Winnipeg, province clash over sewage plant project deadlines


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The provincial government is bluntly ordering the City of Winnipeg to complete its sewage upgrades, with no further deadline extensions.

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Hey there, time traveller!
This article was published 04/05/2022 (330 days ago), so information in it may no longer be current.

The provincial government is bluntly ordering the City of Winnipeg to complete its sewage upgrades, with no further deadline extensions.

However, the city says it’s the province that delayed funding on one project, while contract issues delayed the other.

The province sent two scathing letters on April 14 about the $1.854-billion north end and $352-million south end sewage treatment plant upgrades, which the city has made public.

“The city’s lack of control over the project and routinely missed deadlines is increasingly concerning,” the letter about the south end plant work states.

The letter officially denies the city’s request to extend its deadline to greatly reduce pollution in effluent leaving the plant. Winnipeg proposed the target date to meet that pollution limit be extended to Sept. 30 (instead of July 31) and the full plant compliance deadline become July 31, 2023 (instead of Jan. 31, 2023).

“Repeated delays to this project have increased risks to environmental and human health, and this is not acceptable,” the letter states.

The city originally planned to complete the south end plant in 2012, according to the province. A city official couldn’t confirm that date Wednesday, but said the original deadline was at least as early as 2015.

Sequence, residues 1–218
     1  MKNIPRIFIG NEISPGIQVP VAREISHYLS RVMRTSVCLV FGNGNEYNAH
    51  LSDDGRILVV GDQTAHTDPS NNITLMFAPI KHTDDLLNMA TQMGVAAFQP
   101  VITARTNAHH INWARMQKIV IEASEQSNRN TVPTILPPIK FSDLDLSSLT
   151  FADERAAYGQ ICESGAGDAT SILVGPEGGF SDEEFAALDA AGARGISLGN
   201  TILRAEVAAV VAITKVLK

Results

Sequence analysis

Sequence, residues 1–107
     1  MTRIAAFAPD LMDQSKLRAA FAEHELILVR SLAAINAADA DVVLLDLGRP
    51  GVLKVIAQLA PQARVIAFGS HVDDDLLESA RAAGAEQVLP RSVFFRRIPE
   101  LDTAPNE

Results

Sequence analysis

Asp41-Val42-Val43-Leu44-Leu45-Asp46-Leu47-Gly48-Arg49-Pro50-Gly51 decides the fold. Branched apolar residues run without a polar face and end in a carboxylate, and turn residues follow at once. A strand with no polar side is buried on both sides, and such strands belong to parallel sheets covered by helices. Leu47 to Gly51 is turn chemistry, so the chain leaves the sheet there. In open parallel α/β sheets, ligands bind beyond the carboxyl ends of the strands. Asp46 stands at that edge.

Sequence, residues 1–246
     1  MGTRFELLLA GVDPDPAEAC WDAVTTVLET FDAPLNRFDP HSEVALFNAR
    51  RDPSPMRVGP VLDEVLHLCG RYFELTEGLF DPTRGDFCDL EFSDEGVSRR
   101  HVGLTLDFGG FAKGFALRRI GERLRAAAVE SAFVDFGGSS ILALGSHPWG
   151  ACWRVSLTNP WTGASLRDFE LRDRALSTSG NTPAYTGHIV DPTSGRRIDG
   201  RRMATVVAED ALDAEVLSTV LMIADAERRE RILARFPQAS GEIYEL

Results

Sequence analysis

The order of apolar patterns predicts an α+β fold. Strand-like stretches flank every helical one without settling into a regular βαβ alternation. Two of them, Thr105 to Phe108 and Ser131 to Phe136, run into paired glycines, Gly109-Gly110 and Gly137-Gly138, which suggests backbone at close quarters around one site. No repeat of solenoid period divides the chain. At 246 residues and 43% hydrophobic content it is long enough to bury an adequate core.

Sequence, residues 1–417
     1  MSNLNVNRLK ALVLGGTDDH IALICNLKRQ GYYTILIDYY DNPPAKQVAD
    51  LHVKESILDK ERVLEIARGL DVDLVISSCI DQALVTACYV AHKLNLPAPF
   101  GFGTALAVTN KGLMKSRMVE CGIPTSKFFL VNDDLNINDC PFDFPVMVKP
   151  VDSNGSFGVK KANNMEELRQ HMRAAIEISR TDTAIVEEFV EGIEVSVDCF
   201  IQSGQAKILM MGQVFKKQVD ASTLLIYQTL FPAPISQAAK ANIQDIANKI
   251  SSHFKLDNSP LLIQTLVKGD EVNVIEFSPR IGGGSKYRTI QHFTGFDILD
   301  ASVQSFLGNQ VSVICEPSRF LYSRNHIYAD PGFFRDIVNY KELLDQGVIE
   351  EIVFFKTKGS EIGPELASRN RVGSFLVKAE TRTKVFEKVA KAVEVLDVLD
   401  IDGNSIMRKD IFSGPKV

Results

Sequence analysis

In a separate letter about the north end plant, the province says the city “has failed repeatedly” — from Dec. 31, 2014, to Dec. 31, 2019 — to meet pollution compliance deadlines on that project.

“The lack of a strategy to achieve compliance and complete upgrades to the facility in a timely fashion is a serious concern,” the letter states.

Both projects are meant to reduce the amount of phosphorus released into local waterways, a nutrient that promotes algae growth.

The city originally planned to finish the north end plant in 2014, before a series of provincially approved extensions.

Municipal public service reports note very different reasons for the delays. One blames south end delays primarily on a contractor missing schedule milestones; another notes a request for the city, province and Ottawa to enter a funding agreement on Phase 2 of the north end upgrade has faced 2 1/2 years of delays.

Coun. Brian Mayes, water and waste committee chairman, said it’s high time the money flows to get the work done.

“I’ve never seen anything like this, where (all) the political leadership is saying ‘let’s go’ and there still seems to be some sort of hang-up somewhere in the bureaucratic fog here. Instead of writing the letters, let’s get shovel in the ground here, let’s get going,” said Mayes.

Mayor Brian Bowman has accused the province of dragging its feet to approve the funding request, then adding conditions to its support.

The province has repeatedly pushed the city to consider more private involvement in the north end project, which the city rejected, Mayes noted. The matter was thought to be settled in November when Premier Heather Stefanson told media the city could make that decision.

The letters ignore the fact tri-government funding deal is still not final and city ratepayers can’t afford the entire tab alone, said Coun. Jeff Browaty, finance committee chairman.

“To be in compliance by the timeframes they’re talking about is not fair or reasonable… this has to be tri-level funded,” said Browaty.

In an email, a provincial spokesperson did not directly answer questions about the timing of Manitoba government funding for the north end project. The statement stressed the province is committed to getting the work done.

Twitter: @joyanne_pursaga

Joyanne Pursaga

Joyanne Pursaga

Born and raised in Winnipeg, Joyanne loves to tell the stories of this city, especially when politics is involved. Joyanne became the city hall reporter for the Winnipeg Free Press in early 2020.

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